In the meantime, I had been looking into ways of improving the backup transfer speed over the internet. I originally planned to use a tunnel over openvpn, but this would involve channeling all backup traffic through my rented virtual server, which might not be so good for my bank account. I did some research into NAT traversal, and although the technology exists to allow direct connections between two NATed clients (libnice), I would have to write my own application around it and at this point I was getting nervous about having no backups for an extended period. I had also been working from home and getting frustrated with the bulk transfer speed between home and work, and came to the conclusion that my domestic internet connection couldn’t satisfy Time Machine’s aggressive and inflexible hourly backup schedule.

Six iterations of fsck_hfs -drfy later, the disk repair finally succeeded and the backup disk mounted cleanly. At this point, I decided a strategic retreat was in order. I went to set up Time Machine on the old disk, but it insisted that there were no existing backups, saying “last backup: none”. Alt-clicking on the TM icon in the tray and choosing “Browse Other Backup Disks” showed however that the backups were intact. While I could make new backups and browse old ones, they would not deduplicate. As I have a large number of RAW photographs to back up, this was far from ideal. There is a way to get a Mac to recognise another computer’s backups as its own (after upgrading your hardware, for example) . However, it threw “unexpectedly found no machine directories” when attempting the first step. It appeared that not only did it not recognise its own backup, it didn’t recognise it as a backup at all.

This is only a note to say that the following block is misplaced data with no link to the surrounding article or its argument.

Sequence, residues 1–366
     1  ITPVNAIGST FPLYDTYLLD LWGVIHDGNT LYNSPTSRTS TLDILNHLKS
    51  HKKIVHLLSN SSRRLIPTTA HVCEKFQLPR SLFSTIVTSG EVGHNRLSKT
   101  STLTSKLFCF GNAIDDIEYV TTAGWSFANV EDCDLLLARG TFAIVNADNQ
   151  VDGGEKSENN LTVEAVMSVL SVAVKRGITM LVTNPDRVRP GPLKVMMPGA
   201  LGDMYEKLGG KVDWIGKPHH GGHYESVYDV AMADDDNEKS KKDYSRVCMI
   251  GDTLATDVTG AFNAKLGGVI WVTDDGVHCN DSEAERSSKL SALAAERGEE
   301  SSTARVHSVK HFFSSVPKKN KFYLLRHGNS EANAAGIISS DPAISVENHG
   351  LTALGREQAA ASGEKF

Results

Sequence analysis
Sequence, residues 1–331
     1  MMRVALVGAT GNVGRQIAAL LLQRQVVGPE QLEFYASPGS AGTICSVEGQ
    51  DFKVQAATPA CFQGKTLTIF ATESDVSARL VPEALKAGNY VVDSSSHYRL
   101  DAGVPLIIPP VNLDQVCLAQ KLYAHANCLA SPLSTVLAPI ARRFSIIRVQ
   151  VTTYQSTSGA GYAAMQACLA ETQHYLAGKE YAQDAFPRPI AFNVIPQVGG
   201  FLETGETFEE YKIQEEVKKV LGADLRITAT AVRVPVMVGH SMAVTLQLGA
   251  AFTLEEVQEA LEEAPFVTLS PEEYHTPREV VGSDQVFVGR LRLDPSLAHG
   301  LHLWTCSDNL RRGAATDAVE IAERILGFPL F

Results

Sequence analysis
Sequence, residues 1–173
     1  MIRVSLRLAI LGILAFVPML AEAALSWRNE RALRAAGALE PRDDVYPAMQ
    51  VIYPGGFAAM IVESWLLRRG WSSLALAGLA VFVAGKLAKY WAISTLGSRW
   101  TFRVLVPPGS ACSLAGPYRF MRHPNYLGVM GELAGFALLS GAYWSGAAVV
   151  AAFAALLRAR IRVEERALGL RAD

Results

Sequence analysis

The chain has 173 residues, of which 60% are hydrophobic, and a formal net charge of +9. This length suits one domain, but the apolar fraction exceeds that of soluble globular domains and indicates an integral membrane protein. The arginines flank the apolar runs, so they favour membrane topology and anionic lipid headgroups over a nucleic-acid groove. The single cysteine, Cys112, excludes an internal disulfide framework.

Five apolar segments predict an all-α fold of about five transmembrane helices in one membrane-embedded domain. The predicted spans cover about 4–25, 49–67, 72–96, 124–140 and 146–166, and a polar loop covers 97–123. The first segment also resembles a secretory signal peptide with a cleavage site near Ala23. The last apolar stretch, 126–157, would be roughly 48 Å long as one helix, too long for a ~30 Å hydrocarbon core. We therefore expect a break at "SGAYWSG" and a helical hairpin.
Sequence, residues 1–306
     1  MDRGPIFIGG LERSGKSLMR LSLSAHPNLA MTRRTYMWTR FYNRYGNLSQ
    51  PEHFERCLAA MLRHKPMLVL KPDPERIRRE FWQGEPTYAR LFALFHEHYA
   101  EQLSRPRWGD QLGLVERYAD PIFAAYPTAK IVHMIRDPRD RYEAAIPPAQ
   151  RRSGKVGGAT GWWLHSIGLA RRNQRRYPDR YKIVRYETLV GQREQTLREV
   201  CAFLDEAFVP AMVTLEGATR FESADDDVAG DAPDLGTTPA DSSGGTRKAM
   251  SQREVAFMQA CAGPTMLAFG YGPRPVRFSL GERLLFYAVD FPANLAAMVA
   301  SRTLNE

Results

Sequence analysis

After a lot of googling at 2am, it emerged that local Time Machine backups use extended attributes on the backup folders to store information relating to (amongst other things) the identity of the computer that had made the backup. In my earlier orgy of fscking, the extended attributes on my Mac’s top backup folder had been erased. Luckily, I still had the abandoned sparsebundle backup in the trash. Inside a sparsebundle backup, the equivalent metadata is stored not as extended attributes, but in a plist file. In my case, this was in /Volumes/Backups3TB/.Trashes/501/galactica.sparsebundle/, and contained amongst other bits and bobs the following nuggets: